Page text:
Lomborg Op-ed Makes the Electric Vehicles the Bad Guys
Bjorn Lomborg’s op-ed in USA Today threw strong words against electric vehicles, stating that they are detrimental to the planet.
However, it was clear that the data that he presented were unreal. Worse is that the premier newspaper didn’t notice the deficiencies in his reports.
Lomborg, like in his earlier 2013 report, insists that emission that come from the electric vehicles as they are powered from the grid is just a little better than that of combustion engine vehicles.
He referenced the report from a Norwegian study that electric vehicles, including the manufacture for their battery, resulted in carbon pollution by up to 30% compared to cars powered by gasoline.
Despite the misuse of the research study, he is adamant in saying that the reduction of car manufacturing emissions is less than that during vehicle operation.
He pointed out that clean driving levels off manufacturing when 50,000 miles or 80,000km is reached. He then suggests that a typical electric car, like the Nissan Leaf, has a lifespan of 50,000.
Many consumers will doubt his suggestion; otherwise, Leaf will not be one of the most popular electric vehicles today. As a popular media practitioner and blogger, Max Baumhefner, said, “[t]he premise that the typical electric car will only be driven 50,000 miles is fanciful.”
Every electric vehicle manufacturer warranties its powertrains to have a range of more than 100,000 miles. In fact, a number of EV drivers have already achieved this mark.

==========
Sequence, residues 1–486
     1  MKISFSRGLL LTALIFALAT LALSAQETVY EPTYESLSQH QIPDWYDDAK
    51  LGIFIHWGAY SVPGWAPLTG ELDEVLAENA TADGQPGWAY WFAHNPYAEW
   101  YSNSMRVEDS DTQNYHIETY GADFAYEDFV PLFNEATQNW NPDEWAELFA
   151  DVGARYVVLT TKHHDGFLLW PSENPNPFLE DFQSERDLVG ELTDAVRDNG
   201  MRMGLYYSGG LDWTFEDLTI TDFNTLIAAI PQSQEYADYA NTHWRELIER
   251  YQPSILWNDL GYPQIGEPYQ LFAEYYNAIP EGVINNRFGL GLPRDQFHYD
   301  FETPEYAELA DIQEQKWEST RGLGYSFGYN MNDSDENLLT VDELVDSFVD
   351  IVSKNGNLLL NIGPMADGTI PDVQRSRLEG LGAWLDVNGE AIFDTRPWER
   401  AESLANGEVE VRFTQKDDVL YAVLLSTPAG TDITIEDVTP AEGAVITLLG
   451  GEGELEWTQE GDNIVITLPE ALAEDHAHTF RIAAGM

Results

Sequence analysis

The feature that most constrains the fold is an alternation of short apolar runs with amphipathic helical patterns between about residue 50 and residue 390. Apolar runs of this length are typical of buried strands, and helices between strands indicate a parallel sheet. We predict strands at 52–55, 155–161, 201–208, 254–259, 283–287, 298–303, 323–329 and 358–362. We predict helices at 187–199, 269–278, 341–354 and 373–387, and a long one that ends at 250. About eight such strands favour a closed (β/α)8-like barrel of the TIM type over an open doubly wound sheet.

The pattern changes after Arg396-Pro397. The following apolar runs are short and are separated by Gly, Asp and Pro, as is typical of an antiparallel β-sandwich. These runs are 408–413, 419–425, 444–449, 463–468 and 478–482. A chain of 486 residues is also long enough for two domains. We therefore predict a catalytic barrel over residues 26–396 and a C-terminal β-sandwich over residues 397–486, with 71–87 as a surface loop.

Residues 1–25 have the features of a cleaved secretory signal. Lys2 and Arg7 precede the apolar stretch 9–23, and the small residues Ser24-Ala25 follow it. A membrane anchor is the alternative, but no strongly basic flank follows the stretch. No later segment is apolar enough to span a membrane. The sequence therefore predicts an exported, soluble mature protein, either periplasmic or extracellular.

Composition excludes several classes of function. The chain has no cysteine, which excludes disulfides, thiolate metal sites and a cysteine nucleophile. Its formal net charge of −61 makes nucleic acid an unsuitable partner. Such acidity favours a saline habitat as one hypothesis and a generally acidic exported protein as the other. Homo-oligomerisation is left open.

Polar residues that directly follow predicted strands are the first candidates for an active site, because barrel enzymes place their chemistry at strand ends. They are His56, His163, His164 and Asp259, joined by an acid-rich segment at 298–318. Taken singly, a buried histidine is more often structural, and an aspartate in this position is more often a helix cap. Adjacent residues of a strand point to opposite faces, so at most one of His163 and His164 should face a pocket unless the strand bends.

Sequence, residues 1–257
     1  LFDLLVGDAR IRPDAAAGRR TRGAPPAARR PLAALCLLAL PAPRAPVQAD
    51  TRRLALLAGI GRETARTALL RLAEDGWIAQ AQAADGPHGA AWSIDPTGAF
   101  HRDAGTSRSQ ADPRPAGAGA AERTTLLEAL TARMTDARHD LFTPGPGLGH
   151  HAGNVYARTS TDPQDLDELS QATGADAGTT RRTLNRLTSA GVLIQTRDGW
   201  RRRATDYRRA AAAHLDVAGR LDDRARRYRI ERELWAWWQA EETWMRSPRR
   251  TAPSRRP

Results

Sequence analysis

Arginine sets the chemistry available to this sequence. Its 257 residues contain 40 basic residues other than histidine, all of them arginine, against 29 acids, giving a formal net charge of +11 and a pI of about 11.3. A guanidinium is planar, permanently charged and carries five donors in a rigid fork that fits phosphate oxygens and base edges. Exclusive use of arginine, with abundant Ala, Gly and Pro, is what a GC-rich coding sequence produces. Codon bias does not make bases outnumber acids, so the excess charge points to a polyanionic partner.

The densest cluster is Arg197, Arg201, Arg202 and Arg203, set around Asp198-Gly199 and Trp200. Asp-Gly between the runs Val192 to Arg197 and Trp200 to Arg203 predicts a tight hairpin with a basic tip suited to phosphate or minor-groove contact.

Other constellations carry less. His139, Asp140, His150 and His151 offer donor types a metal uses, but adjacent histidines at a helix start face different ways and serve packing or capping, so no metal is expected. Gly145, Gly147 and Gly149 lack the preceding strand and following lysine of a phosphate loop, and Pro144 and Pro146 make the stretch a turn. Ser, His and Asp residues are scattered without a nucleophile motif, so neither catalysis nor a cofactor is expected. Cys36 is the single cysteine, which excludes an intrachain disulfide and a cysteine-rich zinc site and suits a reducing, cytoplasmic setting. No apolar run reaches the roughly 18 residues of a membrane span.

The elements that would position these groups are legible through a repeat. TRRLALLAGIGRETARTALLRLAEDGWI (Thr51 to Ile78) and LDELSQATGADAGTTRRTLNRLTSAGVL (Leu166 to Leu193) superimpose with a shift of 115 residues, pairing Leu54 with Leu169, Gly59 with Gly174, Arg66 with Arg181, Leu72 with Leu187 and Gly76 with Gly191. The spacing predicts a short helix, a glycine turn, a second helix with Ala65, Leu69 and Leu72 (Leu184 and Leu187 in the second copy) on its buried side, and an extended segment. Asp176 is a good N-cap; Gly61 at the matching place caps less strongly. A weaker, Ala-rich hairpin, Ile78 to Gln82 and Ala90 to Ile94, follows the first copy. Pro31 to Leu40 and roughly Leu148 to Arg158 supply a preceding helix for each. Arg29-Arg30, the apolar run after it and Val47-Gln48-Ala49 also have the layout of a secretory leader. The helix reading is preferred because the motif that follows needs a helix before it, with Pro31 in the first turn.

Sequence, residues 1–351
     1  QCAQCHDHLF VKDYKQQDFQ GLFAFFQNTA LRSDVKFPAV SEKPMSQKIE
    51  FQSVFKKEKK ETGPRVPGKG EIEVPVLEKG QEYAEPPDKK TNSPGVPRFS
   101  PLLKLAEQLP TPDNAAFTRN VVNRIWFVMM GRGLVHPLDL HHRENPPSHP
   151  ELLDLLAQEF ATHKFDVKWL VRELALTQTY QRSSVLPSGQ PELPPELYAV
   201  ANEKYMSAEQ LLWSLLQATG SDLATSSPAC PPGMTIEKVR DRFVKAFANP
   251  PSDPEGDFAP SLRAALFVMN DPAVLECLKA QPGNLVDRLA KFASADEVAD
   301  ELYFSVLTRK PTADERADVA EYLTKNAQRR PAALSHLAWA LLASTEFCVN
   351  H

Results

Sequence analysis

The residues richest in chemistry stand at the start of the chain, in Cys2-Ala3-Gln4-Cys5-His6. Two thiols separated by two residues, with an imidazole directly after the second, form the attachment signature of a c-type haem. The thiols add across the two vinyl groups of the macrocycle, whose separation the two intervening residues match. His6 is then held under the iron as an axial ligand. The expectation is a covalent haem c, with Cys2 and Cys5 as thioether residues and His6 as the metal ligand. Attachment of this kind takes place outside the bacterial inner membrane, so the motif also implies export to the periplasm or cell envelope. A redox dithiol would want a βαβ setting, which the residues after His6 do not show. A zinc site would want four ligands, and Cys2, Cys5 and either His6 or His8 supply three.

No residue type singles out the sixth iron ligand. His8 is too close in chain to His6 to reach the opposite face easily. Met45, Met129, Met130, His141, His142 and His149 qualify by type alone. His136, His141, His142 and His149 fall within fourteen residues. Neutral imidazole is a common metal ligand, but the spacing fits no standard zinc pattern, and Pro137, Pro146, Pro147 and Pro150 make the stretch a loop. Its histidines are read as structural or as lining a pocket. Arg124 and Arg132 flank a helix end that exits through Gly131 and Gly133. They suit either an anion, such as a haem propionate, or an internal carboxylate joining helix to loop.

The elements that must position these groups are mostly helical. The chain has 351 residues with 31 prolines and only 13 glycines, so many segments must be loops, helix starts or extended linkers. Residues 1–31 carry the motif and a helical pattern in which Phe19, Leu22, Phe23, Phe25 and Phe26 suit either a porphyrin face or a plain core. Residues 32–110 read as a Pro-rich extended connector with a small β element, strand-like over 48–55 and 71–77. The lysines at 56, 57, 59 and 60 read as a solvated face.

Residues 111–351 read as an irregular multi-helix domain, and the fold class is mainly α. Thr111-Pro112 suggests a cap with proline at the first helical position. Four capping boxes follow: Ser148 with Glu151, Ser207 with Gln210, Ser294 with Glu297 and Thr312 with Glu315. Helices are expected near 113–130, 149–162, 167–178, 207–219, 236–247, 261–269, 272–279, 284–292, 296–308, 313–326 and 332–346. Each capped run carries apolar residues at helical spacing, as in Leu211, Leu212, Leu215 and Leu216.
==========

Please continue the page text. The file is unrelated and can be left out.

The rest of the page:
Lomborg likewise insists on his claims that coal plants are a top vehicle charging source.
This has led him to the deduction that electric vehicle use will result in major damages happening to the health of the Americans.
The truth is that the main power source of electric vehicles in the US isn’t coal. The increase in demand for power to be used in EVs is now met significantly with renewable energy such as wind and the sun.
Another highly important source of power used for electric vehicles are energy that comes from natural gas power plants.
These facts have been proven to be true by Electric Power Research Institute US EPA. There is no truth to the claim that the country will come up with more dirty coal plants in order to provide power to electric vehicles. On the contrary, more and more coal plants are closing down today.
In fact, if anyone will look into the coming years ahead, it is apparent that electric generation and use are getting significantly cleaner.
General standards on power plant operations as well as major usage of renewable power will result in electric vehicles turning even much cleaner for the coming next generations.
As electric vehicles and clean power are used in combination, this holds the key to the bright prospect of a sustainable transportation.
Scientists are too quick to contradict Lomborg, and are one in saying that electric transportation helps in carbon pollution reduction sufficient enough to lessen the impact of climate change.
More use of electric vehicles and discontinued or at least reduce oil reliance will help people enjoy a cleaner environment in the future.
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